04 February 2011

Cerebral venous thrombosis strikes often

A rare form of stroke that involves veins instead of arteries occurs more often than thought, researchers claim. It's common in women who are pregnant, on oral contraceptives, and in people 45 and younger.


A rare form of stroke that involves veins instead of arteries occurs more often than thought, according to a new American Heart Association/American Stroke Association scientific statement.

This type of stroke - cerebral venous thrombosis (CVT) - is caused by a clot in the dural venous sinuses, which are veins that drain blood from the brain toward the heart. It is most common in women who are pregnant or taking oral contraceptives, and in people age 45 and younger.

The incidence of CVT among pregnant women and those who have recently given birth ranges from one in 2,500 to one in 10,000. The risk is greatest during the third trimester of pregnancy and in the first four weeks after giving birth. Up to 73% of CVT cases occur immediately after childbirth.

But women who've suffered CVT have a low risk of complications during future pregnancies, according to the scientific statement.

Patients with suspected CVT should have blood tests to determine if they have an inherited or acquired factor in the blood that increases the risk of blood clots (prothrombotic factor).

Women on pill should be screened

In addition, patients should be screened for conditions that increase the risk of CVT, such as the use of oral contraceptives, inflammatory disease and infection.

"The most common symptoms of patients with CVT include headaches that progress in severity over days or weeks, and seizures. Some patients may develop a focal neurological deficit (weakness affecting the extremities, double vision, etc.),"  said Dr Gustavo Saposnik, chair of the statement writing group and an assistant professor of medicine at Saint Michael's Hospital, University of Toronto.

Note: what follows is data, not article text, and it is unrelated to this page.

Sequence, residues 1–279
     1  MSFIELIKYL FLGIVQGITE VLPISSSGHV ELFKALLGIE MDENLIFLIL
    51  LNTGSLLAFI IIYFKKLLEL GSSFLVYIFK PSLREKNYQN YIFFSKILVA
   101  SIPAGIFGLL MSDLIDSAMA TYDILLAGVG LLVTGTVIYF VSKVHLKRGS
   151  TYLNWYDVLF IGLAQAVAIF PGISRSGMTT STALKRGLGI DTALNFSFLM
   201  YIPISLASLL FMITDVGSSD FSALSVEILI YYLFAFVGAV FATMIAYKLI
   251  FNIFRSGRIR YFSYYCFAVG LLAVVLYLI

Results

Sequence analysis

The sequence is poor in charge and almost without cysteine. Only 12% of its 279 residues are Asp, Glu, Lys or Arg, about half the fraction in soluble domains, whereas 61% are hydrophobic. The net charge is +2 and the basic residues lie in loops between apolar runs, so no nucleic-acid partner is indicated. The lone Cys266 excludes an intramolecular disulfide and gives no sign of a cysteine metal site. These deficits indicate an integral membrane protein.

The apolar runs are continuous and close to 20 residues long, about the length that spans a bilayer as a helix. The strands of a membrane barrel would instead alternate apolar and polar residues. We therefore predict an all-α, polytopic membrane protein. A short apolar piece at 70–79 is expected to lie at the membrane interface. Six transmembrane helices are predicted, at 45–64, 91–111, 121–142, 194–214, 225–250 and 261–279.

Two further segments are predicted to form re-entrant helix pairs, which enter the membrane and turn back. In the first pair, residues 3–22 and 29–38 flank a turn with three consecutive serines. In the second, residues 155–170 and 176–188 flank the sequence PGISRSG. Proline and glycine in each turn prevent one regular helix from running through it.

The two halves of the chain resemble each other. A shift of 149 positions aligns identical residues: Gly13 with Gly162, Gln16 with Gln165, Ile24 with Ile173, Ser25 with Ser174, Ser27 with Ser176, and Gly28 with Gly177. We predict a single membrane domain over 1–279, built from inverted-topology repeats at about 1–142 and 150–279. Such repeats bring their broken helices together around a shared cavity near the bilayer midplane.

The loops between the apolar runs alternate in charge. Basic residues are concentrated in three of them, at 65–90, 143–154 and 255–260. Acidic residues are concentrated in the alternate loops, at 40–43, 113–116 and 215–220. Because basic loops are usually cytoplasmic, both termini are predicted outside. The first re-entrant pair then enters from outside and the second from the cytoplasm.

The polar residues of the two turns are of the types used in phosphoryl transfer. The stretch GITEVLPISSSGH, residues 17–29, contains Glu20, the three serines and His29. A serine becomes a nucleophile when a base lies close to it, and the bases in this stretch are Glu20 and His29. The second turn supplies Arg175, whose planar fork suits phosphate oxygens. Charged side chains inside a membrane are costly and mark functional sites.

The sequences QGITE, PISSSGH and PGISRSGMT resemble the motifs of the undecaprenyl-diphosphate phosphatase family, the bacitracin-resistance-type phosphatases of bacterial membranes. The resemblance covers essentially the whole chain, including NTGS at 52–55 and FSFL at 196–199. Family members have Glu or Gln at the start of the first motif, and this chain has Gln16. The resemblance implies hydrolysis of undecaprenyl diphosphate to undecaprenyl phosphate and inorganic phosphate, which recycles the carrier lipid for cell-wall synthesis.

Diagnosis of CVT can be challenging. For example, 30 to 40% of patients with CVT may develop an intracranial haemorrhage (bleeding within the skull).

"It's important to distinguish a haemorrhage caused by a ruptured brain artery from those associated with CVT. The mechanisms -- and treatment - of the bleeding are quite different," Saposnik said.

The statement outlined the approach doctors should take to diagnose and manage CVT:

  • Clinical suspicion of CVT.
  • MRI, or alternative imaging technique at hospitals/medical centres with fewer resources.
  • Confirm CVT.
  • Begin anticoagulation therapy (IV Heparin).
  • Continue anticoagulation therapy, lasting three to 12 months to a lifetime.

Other options may be considered in patients who continue to experience neurological deterioration despite medical treatment. These options include surgery to temporarily remove a section of skull to relieve pressure on the brain (hemicraniectomy), or minimally invasive surgery to remove clots in the affected veins (endovascular treatment).

The scientific statement, published in the journal Stroke, is endorsed by a number of organisations, including the American Academy of Neurology and the American Academy of Neurological Surgeons.

(Copyright © 2010 HealthDay. All rights reserved.)


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